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10 Gauge

macrumors newbie
Original poster
May 16, 2020
28
10
Curious if anyone has done any testing to see what battery life is like directly comparing only using - or letting the OS handle the GPU switching rather - and using the discrete graphics full time.

I‘ve noticed that the Intel GPU just isn’t powerful enough to give that nice smooth experience you expect from an Apple product, when it comes to app and desktop switching, or scrolling a full screen website, you‘ll notice stutters here and there. When the discrete GPU is handling everything you get that buttery smoothness that you come to expect from an Apple user experience.

So what I’d like to know, how far will you get when you let the discrete graphics run full time compared to the Intel GPU for basic every day productivity type things like checking email, browsing the web, possibly watching a few videos on YouTube etc. Also, will this have any ill effect in the long run, like premature failure of the GPU from using it 100% of the time?

Appreciate any insight to these questions that anyone might have, thanks!
 

bill-p

macrumors 68030
Jul 23, 2011
2,929
1,587
4 hours with dGPU versus 8 hours with iGPU. That's what I see typically.

Then depending on CPU load, that can be 1 hour as well.
 
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10 Gauge

macrumors newbie
Original poster
May 16, 2020
28
10
4 hours with dGPU versus 8 hours with iGPU. That's what I see typically.

Then depending on CPU load, that can be 1 hour as well.
Thanks, so basically it’s just best to live with the laggy craptasticness that is the iGPU... Saddening. Hope they figure out a way to code a little more efficiently for the iGPU so that we can have the same base desktop experience using it, as it should be for such an expensive machine.
 
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bill-p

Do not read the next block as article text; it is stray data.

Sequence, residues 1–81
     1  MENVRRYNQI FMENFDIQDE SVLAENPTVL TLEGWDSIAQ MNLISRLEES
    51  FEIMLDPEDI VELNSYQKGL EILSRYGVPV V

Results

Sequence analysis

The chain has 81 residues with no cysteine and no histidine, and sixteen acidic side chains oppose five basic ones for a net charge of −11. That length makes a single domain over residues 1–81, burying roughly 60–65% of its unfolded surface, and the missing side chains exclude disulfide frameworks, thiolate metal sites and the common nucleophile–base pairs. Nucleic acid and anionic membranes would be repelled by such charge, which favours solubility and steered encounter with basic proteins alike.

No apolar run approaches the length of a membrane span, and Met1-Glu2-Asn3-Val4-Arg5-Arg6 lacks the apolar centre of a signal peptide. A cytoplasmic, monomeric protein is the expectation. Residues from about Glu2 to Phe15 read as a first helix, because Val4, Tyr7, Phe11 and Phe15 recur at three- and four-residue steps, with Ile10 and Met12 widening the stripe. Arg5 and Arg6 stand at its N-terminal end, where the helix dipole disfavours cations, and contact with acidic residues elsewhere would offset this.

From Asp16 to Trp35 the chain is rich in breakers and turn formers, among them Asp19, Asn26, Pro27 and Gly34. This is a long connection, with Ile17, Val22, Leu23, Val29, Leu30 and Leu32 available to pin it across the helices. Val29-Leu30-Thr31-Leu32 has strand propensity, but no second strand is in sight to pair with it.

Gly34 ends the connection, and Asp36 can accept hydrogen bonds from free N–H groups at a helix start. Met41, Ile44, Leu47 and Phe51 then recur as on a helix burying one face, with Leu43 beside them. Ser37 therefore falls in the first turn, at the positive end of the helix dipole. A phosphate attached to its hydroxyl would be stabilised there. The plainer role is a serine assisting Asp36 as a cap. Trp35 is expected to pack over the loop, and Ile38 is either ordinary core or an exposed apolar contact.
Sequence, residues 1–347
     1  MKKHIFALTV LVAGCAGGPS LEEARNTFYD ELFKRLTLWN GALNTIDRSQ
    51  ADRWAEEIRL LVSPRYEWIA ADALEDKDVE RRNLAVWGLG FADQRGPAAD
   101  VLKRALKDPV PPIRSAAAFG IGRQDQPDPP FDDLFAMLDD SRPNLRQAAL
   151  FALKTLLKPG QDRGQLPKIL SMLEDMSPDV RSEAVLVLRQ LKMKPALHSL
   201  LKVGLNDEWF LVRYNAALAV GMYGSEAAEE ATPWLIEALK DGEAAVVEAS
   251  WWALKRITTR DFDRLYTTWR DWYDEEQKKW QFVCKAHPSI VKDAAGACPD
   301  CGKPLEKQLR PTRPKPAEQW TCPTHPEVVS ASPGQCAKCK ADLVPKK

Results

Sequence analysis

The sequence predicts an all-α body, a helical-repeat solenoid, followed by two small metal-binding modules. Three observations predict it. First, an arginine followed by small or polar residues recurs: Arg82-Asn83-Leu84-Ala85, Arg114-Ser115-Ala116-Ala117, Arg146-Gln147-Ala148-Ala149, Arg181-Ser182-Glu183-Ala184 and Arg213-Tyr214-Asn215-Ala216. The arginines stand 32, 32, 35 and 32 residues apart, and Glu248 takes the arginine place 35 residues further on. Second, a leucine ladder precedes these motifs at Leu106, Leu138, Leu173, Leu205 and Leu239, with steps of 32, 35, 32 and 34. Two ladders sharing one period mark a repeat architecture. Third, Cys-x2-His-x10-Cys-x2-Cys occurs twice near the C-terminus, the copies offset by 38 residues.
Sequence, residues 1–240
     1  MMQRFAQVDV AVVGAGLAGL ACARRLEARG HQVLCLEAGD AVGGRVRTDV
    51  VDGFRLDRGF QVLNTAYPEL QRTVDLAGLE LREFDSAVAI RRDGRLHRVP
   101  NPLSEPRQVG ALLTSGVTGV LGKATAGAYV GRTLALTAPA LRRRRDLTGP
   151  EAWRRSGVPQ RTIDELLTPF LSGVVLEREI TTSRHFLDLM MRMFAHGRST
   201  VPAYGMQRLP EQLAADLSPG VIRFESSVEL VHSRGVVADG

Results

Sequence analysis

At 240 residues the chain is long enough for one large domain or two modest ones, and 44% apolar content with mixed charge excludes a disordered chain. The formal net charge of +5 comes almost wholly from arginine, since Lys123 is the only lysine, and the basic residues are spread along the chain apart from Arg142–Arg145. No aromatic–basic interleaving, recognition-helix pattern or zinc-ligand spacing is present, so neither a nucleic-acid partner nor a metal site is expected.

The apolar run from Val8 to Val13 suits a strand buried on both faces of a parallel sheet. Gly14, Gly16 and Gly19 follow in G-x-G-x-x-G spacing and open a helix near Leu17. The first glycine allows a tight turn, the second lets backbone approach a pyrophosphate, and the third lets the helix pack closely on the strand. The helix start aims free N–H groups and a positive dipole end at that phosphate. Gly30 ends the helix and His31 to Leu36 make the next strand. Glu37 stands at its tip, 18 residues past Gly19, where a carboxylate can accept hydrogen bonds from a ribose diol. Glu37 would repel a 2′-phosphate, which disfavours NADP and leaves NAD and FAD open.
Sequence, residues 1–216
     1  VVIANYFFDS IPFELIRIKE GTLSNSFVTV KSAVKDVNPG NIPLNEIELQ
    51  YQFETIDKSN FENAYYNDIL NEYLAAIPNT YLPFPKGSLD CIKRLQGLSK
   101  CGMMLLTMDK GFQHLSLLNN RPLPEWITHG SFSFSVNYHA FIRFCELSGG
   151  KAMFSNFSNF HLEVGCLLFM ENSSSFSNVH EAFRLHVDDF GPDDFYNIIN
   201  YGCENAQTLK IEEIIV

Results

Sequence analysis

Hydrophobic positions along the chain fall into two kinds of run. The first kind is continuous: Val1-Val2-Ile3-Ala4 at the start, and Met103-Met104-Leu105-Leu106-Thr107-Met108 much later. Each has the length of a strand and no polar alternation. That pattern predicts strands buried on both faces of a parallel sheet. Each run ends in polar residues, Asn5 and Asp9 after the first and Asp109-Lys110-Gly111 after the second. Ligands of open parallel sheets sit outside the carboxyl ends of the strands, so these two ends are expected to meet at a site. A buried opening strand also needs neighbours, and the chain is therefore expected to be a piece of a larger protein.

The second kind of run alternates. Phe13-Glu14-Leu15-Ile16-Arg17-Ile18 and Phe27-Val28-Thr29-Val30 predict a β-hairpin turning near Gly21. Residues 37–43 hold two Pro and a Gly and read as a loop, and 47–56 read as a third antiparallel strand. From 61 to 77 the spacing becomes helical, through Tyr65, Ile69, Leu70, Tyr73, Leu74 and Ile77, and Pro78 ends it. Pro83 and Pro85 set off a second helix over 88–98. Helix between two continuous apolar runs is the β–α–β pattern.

macrumors 68030
Jul 23, 2011
2,929
1,587
As an aside, I don't notice much of an issue with the iGPU, or else the screen is a bit too blurry when things are in motion so I don't pay any attention to that.

Websites that used to lag with my 13" MacBook Pro (now my wife's, I guess) seem perfectly fine on the 16". Facebook is a prime example.

Also scrolling actually doesn't use the GPU that much. Scrolling is mostly affected by CPU speed. Sites with infinite scrolling needs to render new elements as you scroll, and this is mostly a CPU task.
 

10 Gauge

macrumors newbie
Original poster
May 16, 2020
28
10
It turns out that most of my stuttering issues were coming from Apple Mail constantly downloading and cacheing mail from 6 accounts in the background. By the time I figured this out it had managed to cache 15gb of email and was absolutely killing my battery life trying to cache all of that mail. Since dumping Apple Mail and making the switch to Spark it's like using a whole new computer. Still sad that such a shoddy email client can cause those kinds of issues on an 8 core MacBook, but alas, the problem seems solved now and performance also seems drastically better in 10.15.5 Beta 4 which I just installed last night. The power nap kernel crashes appear to be fixed now as well. Hoping to see the official release soon, seems Apple has done a right good amount of work for this next release.
 

pygolpher

macrumors newbie
Dec 6, 2020
6
0
Is there a proper way to force the Mac to use the discrete card? I'm looking at the energy tab of the Activity Monitor and I cannot get apps that are using hardware acceleration to use the Discrete card only. The only two apps I have gotten to work successfully are iMovie and Photos. The apps being Slack, MS Remote Desktop, Zoom, and Chrome. I would expect all four if they are truly doing hardware acceleration through the GPU to have that report yes. I have tried changing the setting in battery preferences, and installed gSwitch and gfxCardStatus to try to get it to use the discrete card only. Rebooted as well.
 

10 Gauge

macrumors newbie
Original poster
May 16, 2020
28
10
Is there a proper way to force the Mac to use the discrete card? I'm looking at the energy tab of the Activity Monitor and I cannot get apps that are using hardware acceleration to use the Discrete card only. The only two apps I have gotten to work successfully are iMovie and Photos. The apps being Slack, MS Remote Desktop, Zoom, and Chrome. I would expect all four if they are truly doing hardware acceleration through the GPU to have that report yes. I have tried changing the setting in battery preferences, and installed gSwitch and gfxCardStatus to try to get it to use the discrete card only. Rebooted as well.
Yes, unchecking “Automatic graphics switching” in the energy control panel will force the dGPU to run full time.
 

pygolpher

macrumors newbie
Dec 6, 2020
6
0
Then I should see apps that use hardware acceleration showing up as a Yes in the Energy tab of the activity monitor right? Just like I do when I open Photos or iMovie. But they are not.
 
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